Lisa Trei, News Service: (650) 725-0224, firstname.lastname@example.org
The press release distributed earlier today included
an incorrect statistic in the second paragraph.
Arnold Schwarzenegger received 40 percent of the
Schwarzenegger ahead of Bustamante in Internet survey on California recall vote
A new Stanford online survey of California voters shows GOP candidate Arnold Schwarzenegger beating Democratic Lt. Gov. Cruz Bustamante in the Oct. 7 election to replace Gov. Gray Davis.
Unlike conventional telephone polls, which have reported Bustamante leading the recall race, Californians who participated in the online survey voted 40 percent for Schwarzenegger and 28 percent for the Lt. Governor. Among registered voters, 62 percent indicated "yes" for the recall and 38 percent said "no." Poll results have a 4.3 percent margin of error.
"What this shows is that undecided voters gravitate to the most visible candidate, the candidate with name recognition," said Shanto Iyengar, chair of the Department of Communication. "This is very bad news for Bustamante and Gov. Davis."
Iyengar and political science professors David Brady and Morris Fiorina sponsored the poll to learn more about the logic behind voters' decision-making leading up to the special election. Brady and Morris are also fellows at the Hoover Institution. Knowledge Networks, a Menlo Park-based research firm, surveyed a representative sample of 852 adult Californians, 528 of whom are likely voters, from Aug. 29 to Sept. 8.
Two additional polls will be conducted next week and just before the election to monitor how the candidates fare in response to current events, Iyengar said. "We expect that when [former President Bill] Clinton comes to rally for Davis, there will be an uptick in 'no on recall' response," he said.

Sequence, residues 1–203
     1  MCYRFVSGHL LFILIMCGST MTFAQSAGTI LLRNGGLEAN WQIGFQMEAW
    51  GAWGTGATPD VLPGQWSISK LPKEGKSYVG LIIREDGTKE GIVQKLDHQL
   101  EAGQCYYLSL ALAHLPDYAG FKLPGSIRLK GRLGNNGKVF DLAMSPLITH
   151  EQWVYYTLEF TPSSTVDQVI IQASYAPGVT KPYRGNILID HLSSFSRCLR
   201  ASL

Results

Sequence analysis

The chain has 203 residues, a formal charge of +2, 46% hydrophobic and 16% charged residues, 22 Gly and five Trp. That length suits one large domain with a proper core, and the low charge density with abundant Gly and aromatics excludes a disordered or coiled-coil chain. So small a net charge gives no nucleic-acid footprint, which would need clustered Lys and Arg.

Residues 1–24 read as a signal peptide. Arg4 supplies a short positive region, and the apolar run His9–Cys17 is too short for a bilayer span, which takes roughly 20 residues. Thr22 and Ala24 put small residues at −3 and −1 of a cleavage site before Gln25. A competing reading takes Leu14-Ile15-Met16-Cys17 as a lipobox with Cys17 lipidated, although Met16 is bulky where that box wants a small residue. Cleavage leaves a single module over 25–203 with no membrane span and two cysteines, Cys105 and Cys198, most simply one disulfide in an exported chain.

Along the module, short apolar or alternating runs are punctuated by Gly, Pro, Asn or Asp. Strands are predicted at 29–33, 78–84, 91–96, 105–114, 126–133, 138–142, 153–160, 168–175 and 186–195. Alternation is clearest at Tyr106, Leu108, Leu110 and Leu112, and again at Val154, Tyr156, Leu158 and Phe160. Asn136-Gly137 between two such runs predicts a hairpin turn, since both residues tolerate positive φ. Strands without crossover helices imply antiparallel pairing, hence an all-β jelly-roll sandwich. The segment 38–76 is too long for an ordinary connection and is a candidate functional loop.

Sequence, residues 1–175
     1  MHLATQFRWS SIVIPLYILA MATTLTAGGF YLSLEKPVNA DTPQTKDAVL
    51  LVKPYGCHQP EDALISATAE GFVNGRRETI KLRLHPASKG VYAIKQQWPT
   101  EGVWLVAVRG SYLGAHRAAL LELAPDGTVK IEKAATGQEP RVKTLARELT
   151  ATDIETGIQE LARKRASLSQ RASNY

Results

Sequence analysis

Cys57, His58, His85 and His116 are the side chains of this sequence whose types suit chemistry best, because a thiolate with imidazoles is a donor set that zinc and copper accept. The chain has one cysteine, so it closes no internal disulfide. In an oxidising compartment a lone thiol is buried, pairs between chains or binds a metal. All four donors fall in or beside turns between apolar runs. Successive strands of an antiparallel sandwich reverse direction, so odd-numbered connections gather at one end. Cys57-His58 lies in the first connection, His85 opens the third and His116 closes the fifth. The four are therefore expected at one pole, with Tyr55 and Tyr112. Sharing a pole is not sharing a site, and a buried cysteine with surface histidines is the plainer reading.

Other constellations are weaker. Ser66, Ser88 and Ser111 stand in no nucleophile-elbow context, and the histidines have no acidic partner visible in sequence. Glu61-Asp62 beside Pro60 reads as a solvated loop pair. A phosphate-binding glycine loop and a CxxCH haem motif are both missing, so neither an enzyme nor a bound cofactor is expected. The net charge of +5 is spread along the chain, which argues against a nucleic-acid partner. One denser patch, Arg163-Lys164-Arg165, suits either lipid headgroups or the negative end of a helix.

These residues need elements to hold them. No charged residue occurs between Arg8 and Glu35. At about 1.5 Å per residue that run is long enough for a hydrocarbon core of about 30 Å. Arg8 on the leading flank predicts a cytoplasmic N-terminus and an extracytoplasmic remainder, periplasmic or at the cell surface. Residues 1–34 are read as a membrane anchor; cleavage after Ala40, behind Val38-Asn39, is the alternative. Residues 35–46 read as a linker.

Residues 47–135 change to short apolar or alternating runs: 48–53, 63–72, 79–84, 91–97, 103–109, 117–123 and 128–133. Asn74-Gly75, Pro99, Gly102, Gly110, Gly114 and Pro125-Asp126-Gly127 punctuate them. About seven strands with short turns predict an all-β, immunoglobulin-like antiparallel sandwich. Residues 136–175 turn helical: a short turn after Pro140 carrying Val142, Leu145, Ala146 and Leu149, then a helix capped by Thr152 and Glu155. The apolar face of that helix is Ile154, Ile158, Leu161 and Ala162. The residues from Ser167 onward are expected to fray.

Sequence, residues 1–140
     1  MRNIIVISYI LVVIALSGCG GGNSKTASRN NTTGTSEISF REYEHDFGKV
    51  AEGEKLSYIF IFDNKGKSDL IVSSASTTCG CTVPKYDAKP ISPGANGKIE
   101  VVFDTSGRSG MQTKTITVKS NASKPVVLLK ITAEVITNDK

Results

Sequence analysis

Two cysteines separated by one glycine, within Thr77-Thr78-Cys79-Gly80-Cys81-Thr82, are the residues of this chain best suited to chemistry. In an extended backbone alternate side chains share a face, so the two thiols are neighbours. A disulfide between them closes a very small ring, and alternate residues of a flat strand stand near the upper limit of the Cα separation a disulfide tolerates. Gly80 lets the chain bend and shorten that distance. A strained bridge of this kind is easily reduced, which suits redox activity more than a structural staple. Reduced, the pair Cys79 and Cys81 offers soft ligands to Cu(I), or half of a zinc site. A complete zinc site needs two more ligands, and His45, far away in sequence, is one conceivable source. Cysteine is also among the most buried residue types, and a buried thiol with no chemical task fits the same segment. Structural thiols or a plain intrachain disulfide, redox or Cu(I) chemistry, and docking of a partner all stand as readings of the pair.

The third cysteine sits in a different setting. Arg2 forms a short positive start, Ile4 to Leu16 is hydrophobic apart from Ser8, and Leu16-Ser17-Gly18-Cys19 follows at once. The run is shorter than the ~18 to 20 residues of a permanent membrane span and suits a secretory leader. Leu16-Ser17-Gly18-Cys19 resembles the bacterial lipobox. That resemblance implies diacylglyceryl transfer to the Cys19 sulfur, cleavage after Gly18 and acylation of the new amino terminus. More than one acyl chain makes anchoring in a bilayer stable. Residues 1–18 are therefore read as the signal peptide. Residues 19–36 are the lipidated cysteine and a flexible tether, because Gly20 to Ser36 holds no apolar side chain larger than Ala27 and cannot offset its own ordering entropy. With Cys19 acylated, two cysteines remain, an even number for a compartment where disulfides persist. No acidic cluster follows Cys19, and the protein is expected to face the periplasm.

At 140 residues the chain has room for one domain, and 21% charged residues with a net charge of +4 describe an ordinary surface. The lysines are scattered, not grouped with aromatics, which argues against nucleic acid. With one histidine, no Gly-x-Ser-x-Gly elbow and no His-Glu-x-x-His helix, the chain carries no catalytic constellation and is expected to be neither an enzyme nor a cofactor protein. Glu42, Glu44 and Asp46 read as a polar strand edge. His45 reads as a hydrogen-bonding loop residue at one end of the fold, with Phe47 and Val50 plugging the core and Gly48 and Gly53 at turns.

Unlike conventional polls, which restrict respondents' choices to the top candidates and give them the option of selecting 'undecided' as a response, the online survey gave participants the actual ballot that included the question about recalling Davis and listing the 135 replacement candidates. Fiorina said this scenario is closer to the actual situation voters will face on Oct. 7.
"What this shows is that when voters have to choose, they're voting for Schwarzenegger," he said. "I won't say he'll win the situation is fluid but Schwarzenegger has more upside potential. The undecided vote won't break 50-50."
According to poll results, support for the recall was strongly associated with political party affiliation 91 percent of Republicans and 42 percent of Democrats "voted" to recall Davis. Only 3 percent of Republicans chose Bustamante but 19 percent of Democrats selected Schwarzenegger.
No other candidate received more than 10 percent of the "votes," the poll revealed. Republican Sen. Tom McClintock received 8 percent; Peter Ueberroth who has since dropped out of the race garnered 7 percent; and Independent Arianna Huffington received just 1 percent.
Forty-three percent of male voters and 38 percent of female voters supported Schwarzenegger. He is also running well among white (42 percent), Hispanic (37 percent) and Asian (48 percent) respondents. Bustamante was the clear choice of African Americans (62 percent), but led Schwarzenegger by only 3 percent among Hispanic voters.
By Lisa Trei